Things don’t appear to be getting better near-term, either. Next week’s California race is unlikely to take the green flag until 6:15 or so next Sunday. By then, the sun will be down here on the East Coast, where the TV ratings seem to indicate most stock car racing fans still live. And the working class people I know, myself included, tend to turn in early Sunday nights to get ready for another long week of work ahead. Any weather delays (or given the race is in California, a possible earthquake, mudslide, wildfire, or plague of locusts) could easily push the conclusion of the race past midnight here in the East — the very thing NASCAR said they were trying to avoid when they pulled the plug on the Daytona 500 after twenty minutes of rain Sunday. (You do recall the California race that wasn’t called until 2 AM EST last year, right? Consistency…well, that’s a topic for another column.) The interesting thing to me is that FOX has chosen to push next Sunday’s race into a time slot where it will compete live against the Oscars, another bloated show celebrating egos — but one that tends to pull in pretty good ratings nonetheless.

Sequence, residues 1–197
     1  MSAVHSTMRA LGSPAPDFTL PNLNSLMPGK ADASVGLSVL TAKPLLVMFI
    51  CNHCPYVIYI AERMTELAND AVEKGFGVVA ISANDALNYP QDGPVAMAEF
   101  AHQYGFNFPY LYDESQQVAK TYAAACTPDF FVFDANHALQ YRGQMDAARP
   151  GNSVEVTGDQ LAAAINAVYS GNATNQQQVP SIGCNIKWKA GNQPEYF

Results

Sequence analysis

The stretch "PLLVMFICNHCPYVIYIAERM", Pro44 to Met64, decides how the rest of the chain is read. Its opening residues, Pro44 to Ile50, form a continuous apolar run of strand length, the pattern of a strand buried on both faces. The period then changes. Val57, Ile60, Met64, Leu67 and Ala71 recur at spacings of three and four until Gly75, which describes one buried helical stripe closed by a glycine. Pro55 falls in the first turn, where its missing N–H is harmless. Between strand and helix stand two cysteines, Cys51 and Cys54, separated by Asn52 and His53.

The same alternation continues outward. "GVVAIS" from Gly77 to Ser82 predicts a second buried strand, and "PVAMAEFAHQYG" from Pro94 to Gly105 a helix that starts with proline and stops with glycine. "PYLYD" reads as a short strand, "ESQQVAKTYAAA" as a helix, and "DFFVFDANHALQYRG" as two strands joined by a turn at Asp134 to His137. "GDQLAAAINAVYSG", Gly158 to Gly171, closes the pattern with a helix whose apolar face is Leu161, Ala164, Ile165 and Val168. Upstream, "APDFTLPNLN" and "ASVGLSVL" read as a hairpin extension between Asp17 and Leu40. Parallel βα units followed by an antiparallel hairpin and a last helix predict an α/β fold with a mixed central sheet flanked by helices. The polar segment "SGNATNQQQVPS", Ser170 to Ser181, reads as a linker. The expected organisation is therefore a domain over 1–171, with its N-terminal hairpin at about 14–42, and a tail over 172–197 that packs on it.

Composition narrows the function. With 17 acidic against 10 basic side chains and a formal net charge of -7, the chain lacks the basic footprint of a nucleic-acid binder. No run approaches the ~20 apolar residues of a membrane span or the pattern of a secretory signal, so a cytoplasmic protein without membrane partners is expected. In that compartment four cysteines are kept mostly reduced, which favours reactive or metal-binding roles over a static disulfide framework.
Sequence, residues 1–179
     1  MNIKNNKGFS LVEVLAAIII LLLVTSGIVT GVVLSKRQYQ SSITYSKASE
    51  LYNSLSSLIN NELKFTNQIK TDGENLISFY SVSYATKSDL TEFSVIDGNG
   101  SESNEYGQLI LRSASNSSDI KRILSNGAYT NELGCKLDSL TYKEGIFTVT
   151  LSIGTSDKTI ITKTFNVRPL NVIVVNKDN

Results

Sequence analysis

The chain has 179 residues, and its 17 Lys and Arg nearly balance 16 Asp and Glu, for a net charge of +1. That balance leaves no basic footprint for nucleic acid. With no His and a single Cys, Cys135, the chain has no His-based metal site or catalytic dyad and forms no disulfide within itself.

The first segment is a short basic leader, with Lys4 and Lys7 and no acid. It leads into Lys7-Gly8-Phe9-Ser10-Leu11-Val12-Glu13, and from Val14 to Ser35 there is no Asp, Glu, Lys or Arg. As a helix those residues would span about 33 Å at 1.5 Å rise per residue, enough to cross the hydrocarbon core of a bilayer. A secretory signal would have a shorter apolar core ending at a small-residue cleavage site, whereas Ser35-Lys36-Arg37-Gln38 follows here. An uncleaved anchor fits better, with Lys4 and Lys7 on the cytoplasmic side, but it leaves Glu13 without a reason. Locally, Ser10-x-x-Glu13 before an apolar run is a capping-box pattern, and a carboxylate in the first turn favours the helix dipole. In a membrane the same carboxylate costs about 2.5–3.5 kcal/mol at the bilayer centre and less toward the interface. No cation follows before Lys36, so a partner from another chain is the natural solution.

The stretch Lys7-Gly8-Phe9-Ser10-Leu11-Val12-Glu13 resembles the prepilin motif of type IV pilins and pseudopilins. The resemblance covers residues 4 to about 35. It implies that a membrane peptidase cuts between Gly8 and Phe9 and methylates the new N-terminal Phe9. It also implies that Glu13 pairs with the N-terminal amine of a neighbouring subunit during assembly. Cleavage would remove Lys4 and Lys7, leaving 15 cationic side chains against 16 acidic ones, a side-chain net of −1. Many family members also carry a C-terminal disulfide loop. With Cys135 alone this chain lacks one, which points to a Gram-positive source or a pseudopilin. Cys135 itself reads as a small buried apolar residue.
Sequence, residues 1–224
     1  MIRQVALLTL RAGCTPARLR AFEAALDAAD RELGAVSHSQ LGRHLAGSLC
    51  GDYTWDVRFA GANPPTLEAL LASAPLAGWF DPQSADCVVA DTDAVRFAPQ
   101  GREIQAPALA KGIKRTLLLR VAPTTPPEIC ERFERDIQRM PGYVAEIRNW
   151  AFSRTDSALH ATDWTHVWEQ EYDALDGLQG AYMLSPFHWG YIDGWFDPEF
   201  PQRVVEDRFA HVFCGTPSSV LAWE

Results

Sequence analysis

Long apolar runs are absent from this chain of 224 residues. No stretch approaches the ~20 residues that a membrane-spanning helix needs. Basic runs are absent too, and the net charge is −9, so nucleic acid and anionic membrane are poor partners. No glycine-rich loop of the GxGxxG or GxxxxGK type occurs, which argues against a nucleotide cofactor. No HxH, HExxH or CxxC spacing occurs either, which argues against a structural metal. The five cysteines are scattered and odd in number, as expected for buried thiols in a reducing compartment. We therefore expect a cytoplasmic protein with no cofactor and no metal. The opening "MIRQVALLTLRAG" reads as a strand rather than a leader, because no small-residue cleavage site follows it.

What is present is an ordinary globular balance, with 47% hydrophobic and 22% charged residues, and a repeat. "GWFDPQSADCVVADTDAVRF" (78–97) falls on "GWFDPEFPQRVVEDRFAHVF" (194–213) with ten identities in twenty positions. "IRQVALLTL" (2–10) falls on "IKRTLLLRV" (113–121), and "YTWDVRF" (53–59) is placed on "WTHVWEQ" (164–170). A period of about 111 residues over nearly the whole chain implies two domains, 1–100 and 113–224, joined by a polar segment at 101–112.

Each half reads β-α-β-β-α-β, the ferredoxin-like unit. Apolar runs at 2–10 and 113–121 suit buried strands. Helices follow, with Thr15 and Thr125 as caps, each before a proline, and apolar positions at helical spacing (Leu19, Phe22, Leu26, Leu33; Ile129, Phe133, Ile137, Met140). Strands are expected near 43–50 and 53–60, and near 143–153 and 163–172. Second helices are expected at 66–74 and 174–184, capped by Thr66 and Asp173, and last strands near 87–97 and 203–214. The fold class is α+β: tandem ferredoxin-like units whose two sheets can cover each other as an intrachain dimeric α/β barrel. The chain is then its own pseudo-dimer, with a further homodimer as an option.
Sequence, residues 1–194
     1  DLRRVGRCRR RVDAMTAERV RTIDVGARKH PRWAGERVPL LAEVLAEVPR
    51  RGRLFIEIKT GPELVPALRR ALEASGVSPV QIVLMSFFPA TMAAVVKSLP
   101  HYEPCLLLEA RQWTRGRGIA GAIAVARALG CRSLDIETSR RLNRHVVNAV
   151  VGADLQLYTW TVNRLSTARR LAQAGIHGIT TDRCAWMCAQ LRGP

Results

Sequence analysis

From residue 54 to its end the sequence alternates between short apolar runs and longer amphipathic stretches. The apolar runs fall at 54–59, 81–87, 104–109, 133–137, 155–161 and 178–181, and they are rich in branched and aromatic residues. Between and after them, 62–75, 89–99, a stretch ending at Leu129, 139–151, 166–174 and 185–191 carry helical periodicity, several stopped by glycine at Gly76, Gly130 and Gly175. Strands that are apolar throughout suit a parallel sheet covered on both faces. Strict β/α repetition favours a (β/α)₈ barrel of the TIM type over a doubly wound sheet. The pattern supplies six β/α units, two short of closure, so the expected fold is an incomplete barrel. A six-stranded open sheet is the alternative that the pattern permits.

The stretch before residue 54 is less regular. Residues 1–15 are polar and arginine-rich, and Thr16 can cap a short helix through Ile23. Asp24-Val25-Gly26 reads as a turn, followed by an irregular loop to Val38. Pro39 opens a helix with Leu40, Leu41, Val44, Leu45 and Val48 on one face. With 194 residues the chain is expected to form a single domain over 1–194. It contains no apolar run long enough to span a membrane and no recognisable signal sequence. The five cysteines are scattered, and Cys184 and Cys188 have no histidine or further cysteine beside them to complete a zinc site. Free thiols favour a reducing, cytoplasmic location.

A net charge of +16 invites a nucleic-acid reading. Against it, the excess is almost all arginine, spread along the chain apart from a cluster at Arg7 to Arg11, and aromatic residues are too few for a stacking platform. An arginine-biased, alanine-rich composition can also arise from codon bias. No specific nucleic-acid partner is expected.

It’s high time to make a declaration. We, the people, hereby hold this truth self-evident; no stock car race, with the exception of a Saturday night event, should end after 4 PM EST on a Sunday. There should be enough time left after the race to get a few more chores done, maybe take the scoot for a blast, wash the car, fire up the grill, and sit down to dinner with the family before sunset. Yeah, I’ve heard the argument that the networks and NASCAR are trying to appeal to West Coast fans. Oddly enough, a lot of my left coast friends always enjoyed the fact the races started earlier in the day, leaving them several hours of daylight in the afternoon to enjoy other pursuits after the event. Here on the East Coast, it was always traditional for fans to attend Sunday services, then hurry home to catch the start of the race. One of the key selling points of the new network package was supposed to be that fans would always know which channel to tune to in order to catch NASCAR each week (that didn’t work out too well for the second two thirds of the season). Now, fans know what channel the race is on — they just don’t know when. And, in increasing numbers, they also don’t seem to know why they should bother.

How can that be good for the sport? "


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« Reply #1 on: February 19, 2009, 09:55:46 PM »



never under estimate what an angry mob can accomplish
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« Reply #2 on: February 20, 2009, 05:08:25 PM »

I have always believed that Matt McLaughlin was the best writer in the business.  I would like to thank him for another example of that.

I don't mind early starts to NASCAR races myself.  As long as the racing is good and the TV coverage is free of gimmicks, count me in. Smiley

Buddy Wayne Barefoot, unhappy with Baby Brian's handiwork, finds his true passion.Smiley